George Carl, funny dancing and comedy.

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The drunken audience member

cheerleader falls.

There is an age old com­edy tra­di­tion of a show being dis­rupted by an unruly audi­ence mem­ber, usu­ally one who is drunk. Before going into movies, Char­lie Chap­lin found his fame on stage by play­ing a drunken the­ater goer in a play called “The Mum­ming­birds.” He sat in a box near the stage, and was able to draw more atten­tion than the “real” show going on.

This sort of inter­rupted per­for­mance was used by Dis­ney for a hand­ful of short car­toons. In The Orphan’s Ben­e­fit, it is mish­cievous chil­dren mak­ing trou­ble. In Magi­cian Mickey, Don­ald Duck tries to ruin the show.

Early cir­cuses were basi­cally dis­plays of trick horse­back rid­ing. A audi­ence mem­ber who appeared to be ine­bri­ated would stum­ble into the ring and get on a horse. Some­how he would not only stay on the horse, but he could turn unin­ten­tional som­er­saults too.

What brought this to mind was the fol­low­ing video. Will Fer­rell plays a man upset about his divorce. He has got­ten drunk, and is at a pro­fes­sional bas­ket­ball game. He is on the court at half time to do one of those half court free throws for prize money. But when he throws the ball he nails a cheer­leader in the face. The stunt woman does an admirable pratfall.

Here is a longer ver­sion if you are interested.

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Fun Factories

I am cur­rently read­ing The Fun Fac­tory by Rob King. For my pur­poses it’s the most use­ful book I have found on the topic of Mack Sen­nett and his Key­stone Stu­dio. It’s not about the per­son­al­i­ties who worked there, but about how their style of com­edy and how it was influ­enced by changes in Amer­i­can soci­ety.  I will prob­a­bly pull sev­eral blog posts from the book.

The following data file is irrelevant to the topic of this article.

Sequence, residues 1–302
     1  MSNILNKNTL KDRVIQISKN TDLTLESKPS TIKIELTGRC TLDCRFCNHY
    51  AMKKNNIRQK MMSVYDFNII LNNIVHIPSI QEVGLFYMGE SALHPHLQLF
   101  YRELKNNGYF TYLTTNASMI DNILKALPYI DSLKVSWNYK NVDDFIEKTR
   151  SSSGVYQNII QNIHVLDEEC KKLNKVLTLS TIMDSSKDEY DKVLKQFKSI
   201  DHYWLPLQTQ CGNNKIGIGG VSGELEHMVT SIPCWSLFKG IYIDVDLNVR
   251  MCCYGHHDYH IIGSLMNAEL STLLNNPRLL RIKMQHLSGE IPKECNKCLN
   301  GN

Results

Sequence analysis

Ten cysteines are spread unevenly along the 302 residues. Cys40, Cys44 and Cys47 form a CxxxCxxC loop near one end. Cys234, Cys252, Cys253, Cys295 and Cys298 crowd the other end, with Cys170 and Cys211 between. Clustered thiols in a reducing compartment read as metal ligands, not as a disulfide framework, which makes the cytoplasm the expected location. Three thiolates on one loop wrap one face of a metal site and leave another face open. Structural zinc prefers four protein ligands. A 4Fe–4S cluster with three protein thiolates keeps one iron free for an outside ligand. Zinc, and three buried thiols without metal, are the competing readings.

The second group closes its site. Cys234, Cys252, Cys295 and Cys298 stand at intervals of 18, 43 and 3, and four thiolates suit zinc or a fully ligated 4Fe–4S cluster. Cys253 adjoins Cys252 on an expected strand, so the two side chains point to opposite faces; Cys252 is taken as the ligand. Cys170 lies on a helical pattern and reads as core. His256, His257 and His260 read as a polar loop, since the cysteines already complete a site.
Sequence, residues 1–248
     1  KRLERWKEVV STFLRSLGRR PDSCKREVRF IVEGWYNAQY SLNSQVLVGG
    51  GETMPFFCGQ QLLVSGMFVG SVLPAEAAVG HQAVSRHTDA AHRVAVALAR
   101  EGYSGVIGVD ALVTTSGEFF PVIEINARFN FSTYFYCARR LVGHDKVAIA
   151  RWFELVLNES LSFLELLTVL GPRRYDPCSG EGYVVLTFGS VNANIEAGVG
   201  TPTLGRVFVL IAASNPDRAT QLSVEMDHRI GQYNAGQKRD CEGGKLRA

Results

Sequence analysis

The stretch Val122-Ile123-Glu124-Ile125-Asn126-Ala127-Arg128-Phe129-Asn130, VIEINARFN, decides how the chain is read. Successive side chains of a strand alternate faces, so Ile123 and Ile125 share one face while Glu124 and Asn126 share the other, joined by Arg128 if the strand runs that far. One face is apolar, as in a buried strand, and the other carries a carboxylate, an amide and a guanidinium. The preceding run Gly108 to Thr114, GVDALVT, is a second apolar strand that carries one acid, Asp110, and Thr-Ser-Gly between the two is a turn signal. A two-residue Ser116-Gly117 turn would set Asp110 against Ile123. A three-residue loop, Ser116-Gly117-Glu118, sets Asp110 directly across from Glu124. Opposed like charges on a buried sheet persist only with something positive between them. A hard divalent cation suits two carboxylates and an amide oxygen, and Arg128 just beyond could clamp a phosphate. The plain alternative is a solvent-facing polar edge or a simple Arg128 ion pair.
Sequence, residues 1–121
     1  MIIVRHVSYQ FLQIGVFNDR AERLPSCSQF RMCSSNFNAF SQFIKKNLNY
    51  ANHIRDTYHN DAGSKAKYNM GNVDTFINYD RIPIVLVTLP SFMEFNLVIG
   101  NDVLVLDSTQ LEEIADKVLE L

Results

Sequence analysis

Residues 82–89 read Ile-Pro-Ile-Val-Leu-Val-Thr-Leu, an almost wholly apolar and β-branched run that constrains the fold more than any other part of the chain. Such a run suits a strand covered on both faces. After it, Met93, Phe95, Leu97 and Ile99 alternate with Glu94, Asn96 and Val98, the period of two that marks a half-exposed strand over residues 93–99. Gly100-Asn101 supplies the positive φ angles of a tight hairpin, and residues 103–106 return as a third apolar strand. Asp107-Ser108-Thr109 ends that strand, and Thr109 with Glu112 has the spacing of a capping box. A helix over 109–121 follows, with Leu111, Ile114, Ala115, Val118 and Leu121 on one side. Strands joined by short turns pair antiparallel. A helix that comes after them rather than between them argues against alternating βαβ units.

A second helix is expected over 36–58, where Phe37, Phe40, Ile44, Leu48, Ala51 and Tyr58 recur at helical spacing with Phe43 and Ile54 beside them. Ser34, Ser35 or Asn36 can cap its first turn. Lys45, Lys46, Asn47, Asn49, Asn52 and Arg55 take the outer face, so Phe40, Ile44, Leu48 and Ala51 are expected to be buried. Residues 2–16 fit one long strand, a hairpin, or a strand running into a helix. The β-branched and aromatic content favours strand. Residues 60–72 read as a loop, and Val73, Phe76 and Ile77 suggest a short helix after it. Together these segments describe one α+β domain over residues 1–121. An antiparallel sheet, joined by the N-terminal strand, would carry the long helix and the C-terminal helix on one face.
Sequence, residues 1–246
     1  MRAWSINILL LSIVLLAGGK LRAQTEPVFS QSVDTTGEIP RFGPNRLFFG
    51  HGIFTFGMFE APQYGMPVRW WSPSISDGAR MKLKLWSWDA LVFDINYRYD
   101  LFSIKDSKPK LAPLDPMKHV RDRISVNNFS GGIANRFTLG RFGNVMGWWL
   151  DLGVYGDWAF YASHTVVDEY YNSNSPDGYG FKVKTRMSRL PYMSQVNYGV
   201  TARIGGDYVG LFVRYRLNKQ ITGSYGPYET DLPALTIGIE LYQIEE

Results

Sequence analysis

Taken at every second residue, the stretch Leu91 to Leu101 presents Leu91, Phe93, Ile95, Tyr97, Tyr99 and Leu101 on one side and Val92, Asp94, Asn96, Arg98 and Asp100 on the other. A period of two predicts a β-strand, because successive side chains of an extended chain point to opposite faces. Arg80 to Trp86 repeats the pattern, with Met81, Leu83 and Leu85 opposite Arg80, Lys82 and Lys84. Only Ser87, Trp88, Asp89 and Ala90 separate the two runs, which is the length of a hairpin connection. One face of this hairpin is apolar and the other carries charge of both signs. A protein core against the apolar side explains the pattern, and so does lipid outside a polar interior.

I like stu­dio his­tory, and from read­ing this book, it’s obvi­ous things don’t change all that much. Sennett’s finan­cial back­ers brought in Thomas Ince to orga­nize the studio;

Ince’s involve­ment is cru­cial to the present analy­sis. In invit­ing his super­vi­sion, Kessel and Bau­man were plac­ing Key­stone within the sphere of influ­ence of a film­maker who was tak­ing pio­neer­ing steps in the effi­cient orga­ni­za­tion of film pro­duc­tion. Ince was at the fore­front of the spread of pro­duc­tion line prac­tices that had begun to take hold in the film indus­try, the model for which was the depart­men­tal­ized sys­tem of “sci­en­tific man­age­ment” first pro­posed by Fred­er­ick Winslow Taylor’s exper­i­ments in indus­trial efficiency.”

But this wasn’t the sort of thing the Key­stone pub­lic­ity mentioned.

..the stu­dio occa­sion­ally released “behind the scenes” films depict­ing the Eden­dale lot as a space of comic dis­or­der and chaos.

They also tried to present actors as being no dif­fer­ent than their on screen char­ac­ters. It was part of the illu­sion of being a wacky free­wheel­ing place to work.   But Sen­nett and Ince kept tight con­trol over pro­duc­tion. Sen­nett had a tower office built on the cor­ner of the lot, where he could keep an eye on every­thing and every­one.  He had spent some time work­ing in a boiler factory.

The para­dox here is that, through­out their careers, Sen­nett and their film­mak­ers con­sis­tently repu­di­ated their all­ie­gance to this sys­tem, prefer­ing to pro­claim their car­ni­va­lesque defi­ance of the indus­trial virtues of effi­ciency and work discipline.

It’s not so dif­fer­ent with ani­ma­tion stu­dios.  Hey, we’re mak­ing car­toons here! It’s gotta be FUN! Seri­ously, there is often a lot of money at stake, and artists are noto­ri­ously dis­or­ga­nized, so it’s under­stand­able that con­trols have to be in place.  I have been for­tu­nate to work mostly at stu­dios where the atmos­phere is com­fort­able, but not all of them are like that. Some of them are mis­er­able places.  And many of those have flashy web­sites with recruit­ing pages that make it look like par­adise.   It’s all marketing.